Sudanese authorities were working to free two French and Canadian aid workers who are “in good shape” after being kidnapped during the weekend in increasingly dangerous Darfur, an official said on Monday.
“They are in good shape,” foreign ministry official Ali Yussef said. “We are making every effort to free them in a peaceful way.”
The two international female staff from Aide Medicale Internationale (AMI) were abducted at Ed el-Fursan in southern Darfur on Saturday night, said the French group, which has been targeted twice so far this year.
Two Sudanese AMI staff were also kidnapped and later released, a local official said.
The Sudanese Media Center, which is close to the country’s intelligence services, has said the kidnappers were demanding a ransom, but this was not possible to confirm.
The so far unidentified women were snatched on Saturday night from AMI offices south of South Darfur’s capital, Nyala, about 100km from the border with Chad, a local official said, requesting anonymity.
AMI said it “strongly deplores this kidnapping of members of its team who work daily to improve the health of the local population.”
The group, which has been providing medical relief in Ed el-Fursan since 2004, was spared from Khartoum’s decision last month to expel several nongovernmental aid organizations from Darfur.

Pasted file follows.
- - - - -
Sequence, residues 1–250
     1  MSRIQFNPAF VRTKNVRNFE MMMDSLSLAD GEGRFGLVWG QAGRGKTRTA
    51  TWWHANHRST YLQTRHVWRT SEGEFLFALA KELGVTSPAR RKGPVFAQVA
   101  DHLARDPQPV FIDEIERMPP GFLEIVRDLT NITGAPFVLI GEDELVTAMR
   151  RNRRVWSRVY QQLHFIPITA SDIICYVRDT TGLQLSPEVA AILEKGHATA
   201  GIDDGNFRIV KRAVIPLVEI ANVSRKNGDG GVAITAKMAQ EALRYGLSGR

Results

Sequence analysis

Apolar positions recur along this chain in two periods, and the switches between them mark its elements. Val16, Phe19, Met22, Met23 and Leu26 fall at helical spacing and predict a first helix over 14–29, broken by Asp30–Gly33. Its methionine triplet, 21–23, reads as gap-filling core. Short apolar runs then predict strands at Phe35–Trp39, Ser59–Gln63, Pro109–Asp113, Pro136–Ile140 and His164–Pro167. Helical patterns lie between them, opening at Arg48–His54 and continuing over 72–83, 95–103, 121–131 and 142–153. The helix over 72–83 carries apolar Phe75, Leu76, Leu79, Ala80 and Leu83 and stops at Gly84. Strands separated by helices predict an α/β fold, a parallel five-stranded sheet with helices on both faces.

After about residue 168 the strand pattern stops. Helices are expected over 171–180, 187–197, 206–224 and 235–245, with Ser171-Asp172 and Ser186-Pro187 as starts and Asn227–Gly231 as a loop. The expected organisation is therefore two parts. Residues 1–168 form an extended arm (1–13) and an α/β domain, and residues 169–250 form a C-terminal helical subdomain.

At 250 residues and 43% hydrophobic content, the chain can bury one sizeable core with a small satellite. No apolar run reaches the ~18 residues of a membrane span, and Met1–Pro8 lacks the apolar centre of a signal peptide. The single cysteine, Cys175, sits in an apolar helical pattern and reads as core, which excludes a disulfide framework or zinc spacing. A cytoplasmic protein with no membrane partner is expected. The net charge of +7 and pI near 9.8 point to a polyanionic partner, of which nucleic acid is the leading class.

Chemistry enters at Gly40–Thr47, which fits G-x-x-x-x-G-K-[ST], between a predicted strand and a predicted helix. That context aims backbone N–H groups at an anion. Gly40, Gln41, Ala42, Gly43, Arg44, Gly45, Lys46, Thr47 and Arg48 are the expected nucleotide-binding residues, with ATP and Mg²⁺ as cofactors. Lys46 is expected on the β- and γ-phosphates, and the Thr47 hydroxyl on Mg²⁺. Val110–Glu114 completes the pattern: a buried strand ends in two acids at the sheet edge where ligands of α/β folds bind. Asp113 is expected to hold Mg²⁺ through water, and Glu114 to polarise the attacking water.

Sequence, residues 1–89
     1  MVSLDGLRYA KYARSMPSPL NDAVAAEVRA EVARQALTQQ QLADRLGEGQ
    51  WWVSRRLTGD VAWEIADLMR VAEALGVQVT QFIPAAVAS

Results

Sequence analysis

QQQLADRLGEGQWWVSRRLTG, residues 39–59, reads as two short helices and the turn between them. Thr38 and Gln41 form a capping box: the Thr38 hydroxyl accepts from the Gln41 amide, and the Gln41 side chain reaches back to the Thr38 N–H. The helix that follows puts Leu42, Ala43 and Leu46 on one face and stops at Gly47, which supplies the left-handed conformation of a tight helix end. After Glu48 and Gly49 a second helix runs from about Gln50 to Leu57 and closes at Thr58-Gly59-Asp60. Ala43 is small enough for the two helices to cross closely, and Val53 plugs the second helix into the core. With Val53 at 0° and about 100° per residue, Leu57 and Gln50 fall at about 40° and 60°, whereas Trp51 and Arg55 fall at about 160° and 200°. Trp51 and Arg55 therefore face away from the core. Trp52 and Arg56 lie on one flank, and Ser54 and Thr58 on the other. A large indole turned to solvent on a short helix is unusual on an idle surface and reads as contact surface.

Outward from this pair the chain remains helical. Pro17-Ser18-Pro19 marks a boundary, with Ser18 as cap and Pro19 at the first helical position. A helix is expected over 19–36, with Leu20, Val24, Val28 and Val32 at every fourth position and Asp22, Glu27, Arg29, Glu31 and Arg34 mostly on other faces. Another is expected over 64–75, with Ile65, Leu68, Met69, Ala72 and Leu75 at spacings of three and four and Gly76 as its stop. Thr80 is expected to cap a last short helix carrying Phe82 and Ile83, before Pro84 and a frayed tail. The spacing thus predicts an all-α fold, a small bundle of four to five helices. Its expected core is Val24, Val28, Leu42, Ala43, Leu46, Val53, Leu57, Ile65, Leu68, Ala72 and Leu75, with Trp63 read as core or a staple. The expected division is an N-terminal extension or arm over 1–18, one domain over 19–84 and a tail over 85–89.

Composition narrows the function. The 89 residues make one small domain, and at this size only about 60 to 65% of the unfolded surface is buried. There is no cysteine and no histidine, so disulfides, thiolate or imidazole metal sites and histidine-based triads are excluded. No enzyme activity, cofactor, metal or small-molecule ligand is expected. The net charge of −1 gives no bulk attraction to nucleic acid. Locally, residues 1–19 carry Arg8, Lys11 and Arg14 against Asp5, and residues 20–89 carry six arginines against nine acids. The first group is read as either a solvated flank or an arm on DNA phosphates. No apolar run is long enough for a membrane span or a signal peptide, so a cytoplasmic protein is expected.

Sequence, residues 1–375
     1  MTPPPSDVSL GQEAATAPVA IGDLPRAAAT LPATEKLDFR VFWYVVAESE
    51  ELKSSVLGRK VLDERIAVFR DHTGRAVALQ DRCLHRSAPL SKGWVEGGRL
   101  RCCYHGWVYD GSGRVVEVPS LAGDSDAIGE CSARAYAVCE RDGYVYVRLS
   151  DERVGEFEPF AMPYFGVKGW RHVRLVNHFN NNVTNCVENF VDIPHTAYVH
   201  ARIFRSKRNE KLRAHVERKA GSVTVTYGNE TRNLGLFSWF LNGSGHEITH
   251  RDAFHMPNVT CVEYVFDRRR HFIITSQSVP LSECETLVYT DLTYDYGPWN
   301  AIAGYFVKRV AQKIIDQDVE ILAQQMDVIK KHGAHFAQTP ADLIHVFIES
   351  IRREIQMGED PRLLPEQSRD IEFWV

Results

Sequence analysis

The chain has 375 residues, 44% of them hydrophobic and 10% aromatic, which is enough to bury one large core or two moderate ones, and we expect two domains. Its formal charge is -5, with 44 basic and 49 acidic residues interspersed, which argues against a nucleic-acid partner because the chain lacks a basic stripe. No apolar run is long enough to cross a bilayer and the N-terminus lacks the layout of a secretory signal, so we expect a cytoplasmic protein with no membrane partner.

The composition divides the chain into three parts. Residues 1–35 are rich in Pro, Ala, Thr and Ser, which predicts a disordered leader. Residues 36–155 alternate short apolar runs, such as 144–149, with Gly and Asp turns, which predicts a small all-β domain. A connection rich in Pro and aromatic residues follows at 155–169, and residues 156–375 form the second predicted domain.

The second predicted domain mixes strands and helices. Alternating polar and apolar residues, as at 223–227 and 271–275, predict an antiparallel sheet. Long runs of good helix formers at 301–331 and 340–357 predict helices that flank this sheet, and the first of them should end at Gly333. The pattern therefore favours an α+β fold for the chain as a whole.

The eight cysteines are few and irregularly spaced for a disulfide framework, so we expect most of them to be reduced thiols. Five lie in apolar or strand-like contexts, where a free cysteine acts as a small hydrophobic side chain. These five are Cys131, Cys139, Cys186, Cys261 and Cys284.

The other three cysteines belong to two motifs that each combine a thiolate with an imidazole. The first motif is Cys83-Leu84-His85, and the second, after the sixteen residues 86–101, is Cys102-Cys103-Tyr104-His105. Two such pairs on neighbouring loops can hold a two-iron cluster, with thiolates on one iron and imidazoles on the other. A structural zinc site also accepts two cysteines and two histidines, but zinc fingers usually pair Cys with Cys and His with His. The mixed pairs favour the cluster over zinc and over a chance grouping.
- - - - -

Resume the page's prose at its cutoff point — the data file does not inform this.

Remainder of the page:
“We were continuing our program. We weren’t targeted,” AMI spokesman Frederic Mar said.
The French authorities were alerted and the foreign ministry in Paris set up a crisis response cell to deal with the kidnapping, saying it was acting because the incident involved a French organization.
Canada’s department of foreign affairs said it was seeking information about the kidnapping.
Sudan expelled 13 aid agencies after the International Criminal Court (ICC) issued an arrest warrant on March 4 for Sudanese President Omar al-Bashir for alleged war crimes including genocide in Darfur.
In February, two Sudanese workers for AMI were shot dead when their bus was attacked by men on horseback in southern Darfur. Four others were wounded in that attack.
On March 23, a Sudanese man working for a Canadian aid group was shot dead at his home in Darfur, reportedly because his attackers wanted his satellite telephone.
Four workers with Doctors Without Borders (MSF), three of them foreigners, were kidnapped at gunpoint from their Darfur home on March 11.
They were all released four days later, with no signs of violence or a ransom being paid, Sudanese and MSF officials said.
That abduction was the first of international aid workers since civil war erupted in Darfur in 2003, and took place just 10 days after the ICC issued the arrest warrant for Bashir.
“This is a very worrying new phenomenon,” a source familiar with the security situation in Darfur said, requesting anonymity. “This is a new trend towards humanitarian actors in Darfur.”
US President Barack Obama’s envoy to Sudan, Scott Gration, said on Saturday the Darfur crisis was “on the brink of deepening” as he called for renewed cooperation with the government and an end to hostilities.